The annual Lyrids meteor shower gets underway on Monday April 15, lasting until Monday April 29. The shower will peak late in the evening of Sunday April 21 going into the morning of Monday April 22, and it’s during this window that you’ll have the best opportunity to see the display.

The meteors will radiate from the constellation Lyra, (hence the Lyrids name), with the Zenith Hourly Rate, (ZHR - number of meteors expected during peak activity), around the 15 to 20.

The Lyrids appear to be in steady phase of generating low double-figure numbers, but outbursts have been recorded whereby the debris stream associated with the shower has produced 100-plus meteors per hour. However, this is extremely unlikely this year, given this plateau that the Lyrids appears to be in at present. The shower itself is quite a short affair with no real build-up to the maximum, meaning that the actual peak of the Lyrids is quite narrow.

Entering the atmosphere at around 107,000 mph, the rubble left in the wake of Comet Thatcher will burn up around 55 miles above us in the Earth’s atmosphere, in some cases blazing across the sky, hence the term ‘shooting star’

Full Moon

April’s full Moon occurs on Wednesday 24 and has been tagged with the name of a Pink full Moon. This tag was the name given by native American tribes who witnessed the springtime bloom of the wildflower Phlox subulata.

Beginner’s Corner

As a help to beginners to find their way around the night sky, use the Moon during April to try and locate some bright stars on view.

On Friday April 12 the Moon is positioned to the north of Aldebaran, the brightest star in the constellation of Taurus.

On Monday April 15 the Moon is positioned to the south of Pollux, the brightest star in the constellation of Gemini.

On Thursday April 18, the Moon is positioned to the north of Regulus, the brightest star in Leo.

On Tuesday April 23 the Moon is positioned to the north of Spica, the brightest star in Virgo.

On Friday April 26 the Moon is positioned to the north of Antares, the brightest star in Scorpius.


The death of Alyn Wallace has been widely reported in the world of astronomy and in particular Alyn’s chosen specialist field of astrophotography.

Alyn, 34, from Pontypridd, made a considerable contribution to the field and gained a great deal of respect from those who followed his work and YouTube videos.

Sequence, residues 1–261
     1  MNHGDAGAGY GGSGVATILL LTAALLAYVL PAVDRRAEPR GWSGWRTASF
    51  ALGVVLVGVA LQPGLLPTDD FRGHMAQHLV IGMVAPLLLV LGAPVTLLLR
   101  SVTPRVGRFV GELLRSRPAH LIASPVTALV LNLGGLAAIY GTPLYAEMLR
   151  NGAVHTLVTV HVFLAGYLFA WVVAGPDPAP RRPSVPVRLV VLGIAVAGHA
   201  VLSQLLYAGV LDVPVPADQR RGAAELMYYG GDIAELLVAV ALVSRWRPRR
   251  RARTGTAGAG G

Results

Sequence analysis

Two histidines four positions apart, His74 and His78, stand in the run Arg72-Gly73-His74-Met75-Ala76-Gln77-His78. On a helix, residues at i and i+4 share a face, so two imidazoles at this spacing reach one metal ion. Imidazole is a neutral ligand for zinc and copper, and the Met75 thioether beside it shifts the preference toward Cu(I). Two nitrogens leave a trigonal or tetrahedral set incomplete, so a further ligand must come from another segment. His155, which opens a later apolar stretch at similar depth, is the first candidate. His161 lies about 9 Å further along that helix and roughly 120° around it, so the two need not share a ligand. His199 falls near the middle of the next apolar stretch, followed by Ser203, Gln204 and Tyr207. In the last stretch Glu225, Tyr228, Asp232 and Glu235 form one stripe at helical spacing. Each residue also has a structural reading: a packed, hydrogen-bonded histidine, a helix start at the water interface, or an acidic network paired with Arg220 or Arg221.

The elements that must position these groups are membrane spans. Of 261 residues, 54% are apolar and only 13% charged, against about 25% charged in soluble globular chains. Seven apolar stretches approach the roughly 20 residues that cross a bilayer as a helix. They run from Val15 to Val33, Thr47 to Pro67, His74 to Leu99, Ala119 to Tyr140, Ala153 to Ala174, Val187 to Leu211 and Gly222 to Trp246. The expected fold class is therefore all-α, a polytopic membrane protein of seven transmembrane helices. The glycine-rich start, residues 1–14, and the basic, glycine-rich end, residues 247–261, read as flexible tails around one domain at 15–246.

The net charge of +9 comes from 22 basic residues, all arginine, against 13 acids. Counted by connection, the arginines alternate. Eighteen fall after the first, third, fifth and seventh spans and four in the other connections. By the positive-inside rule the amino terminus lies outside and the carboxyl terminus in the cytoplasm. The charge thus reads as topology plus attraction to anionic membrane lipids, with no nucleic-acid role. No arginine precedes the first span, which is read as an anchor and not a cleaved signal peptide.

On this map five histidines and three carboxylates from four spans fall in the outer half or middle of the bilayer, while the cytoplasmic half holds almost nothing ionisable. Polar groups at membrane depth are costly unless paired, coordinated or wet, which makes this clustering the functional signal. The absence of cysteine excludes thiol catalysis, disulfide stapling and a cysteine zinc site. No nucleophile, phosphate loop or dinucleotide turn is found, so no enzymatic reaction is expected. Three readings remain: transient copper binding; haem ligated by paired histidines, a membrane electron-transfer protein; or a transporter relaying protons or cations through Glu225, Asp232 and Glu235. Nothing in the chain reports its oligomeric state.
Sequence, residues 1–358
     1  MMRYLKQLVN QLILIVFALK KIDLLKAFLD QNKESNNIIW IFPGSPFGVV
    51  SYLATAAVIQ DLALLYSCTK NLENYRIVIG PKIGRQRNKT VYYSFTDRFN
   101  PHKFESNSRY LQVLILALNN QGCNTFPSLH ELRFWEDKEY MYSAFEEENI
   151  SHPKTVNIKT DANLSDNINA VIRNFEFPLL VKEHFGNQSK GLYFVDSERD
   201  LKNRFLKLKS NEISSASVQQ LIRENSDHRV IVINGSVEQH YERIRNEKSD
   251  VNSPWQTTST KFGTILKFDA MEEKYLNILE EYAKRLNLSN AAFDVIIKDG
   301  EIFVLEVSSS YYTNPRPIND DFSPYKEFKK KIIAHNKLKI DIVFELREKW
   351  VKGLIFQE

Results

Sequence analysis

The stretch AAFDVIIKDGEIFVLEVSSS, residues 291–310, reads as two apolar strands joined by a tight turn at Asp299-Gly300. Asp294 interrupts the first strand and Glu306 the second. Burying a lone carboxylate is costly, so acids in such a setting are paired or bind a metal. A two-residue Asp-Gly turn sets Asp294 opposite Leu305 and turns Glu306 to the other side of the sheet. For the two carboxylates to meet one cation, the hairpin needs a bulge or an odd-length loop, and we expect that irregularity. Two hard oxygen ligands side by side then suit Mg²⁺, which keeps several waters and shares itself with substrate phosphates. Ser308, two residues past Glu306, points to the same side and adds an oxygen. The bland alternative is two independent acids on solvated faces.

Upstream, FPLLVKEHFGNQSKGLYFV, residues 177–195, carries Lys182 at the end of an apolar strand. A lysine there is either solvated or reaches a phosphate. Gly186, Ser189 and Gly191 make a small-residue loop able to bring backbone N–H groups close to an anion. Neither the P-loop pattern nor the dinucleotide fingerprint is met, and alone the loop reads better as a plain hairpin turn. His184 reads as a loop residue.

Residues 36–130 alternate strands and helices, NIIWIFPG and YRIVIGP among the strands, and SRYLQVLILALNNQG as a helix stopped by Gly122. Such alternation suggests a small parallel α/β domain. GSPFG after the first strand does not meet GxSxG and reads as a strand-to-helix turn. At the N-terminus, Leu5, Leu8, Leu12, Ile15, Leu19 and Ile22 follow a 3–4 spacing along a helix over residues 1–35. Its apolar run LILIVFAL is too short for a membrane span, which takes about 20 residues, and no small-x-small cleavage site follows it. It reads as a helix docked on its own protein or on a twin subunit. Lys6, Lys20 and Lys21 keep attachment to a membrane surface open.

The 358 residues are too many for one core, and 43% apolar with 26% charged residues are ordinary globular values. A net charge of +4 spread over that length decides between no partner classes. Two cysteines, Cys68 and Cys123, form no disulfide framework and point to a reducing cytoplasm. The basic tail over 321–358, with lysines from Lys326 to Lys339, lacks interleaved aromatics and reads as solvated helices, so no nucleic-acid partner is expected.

While I did not know Alyn personally, a close astronomer friend of his has given The Night Sky their own tribute.

Dafydd Wyn Morgan wrote: “Such an inspiration and gifted individual. A role model with an incredible legacy following his untimely death. His photos of the Cambrian Mountains and Wales night skies will be a record of how special a place this country is in terms of dark skies. Wales has truly lost one of its greats. An unsung hero who never won a cap, an award, or medal…. But to me was the Gareth Edwards of night photography. World-class.”

Society meetings

Barry Astronomical Society. Monday April 22. 7pm. ‘Welsh Meteorite Falls’ – Dave Powell. Barry Community Centre, Cemetery Road, Barry, CF62 8BP.

Bridgend Astronomical Society. Wednesday April 17. 7pm. ‘Life in the Universe’ – Prof Matthew Griffin. Bridgend Tennis, Squash, and Bowls Club, Halo Rec Centre, Angel Street, CF31 4AH.

Cardiff Astronomical Society. Thursday April 11. 7.30pm. ‘Gas Flows and the Abundance of Elements in Galaxies’ – Prof Mike Edmunds. Cardiff University, Queen’s Buildings, The Parade, Cardiff, CF24 3AA.

Heads of the Valleys Astronomical Society: Tuesday April 9. 7pm. ‘Telescopes’ – Tony Pearce. Learning Action Centre, 20 James Street, Ebbw Vale, NP23 6JG

Moon phases

New Moon April 8; First Quarter April 15; Full Moon April 24.

Sunrise/sunset times

Start of April: Sun rises at 6.46am. Sets at 7.46pm. End of April: Sun rises at 5.44am. Sets at 8.34pm.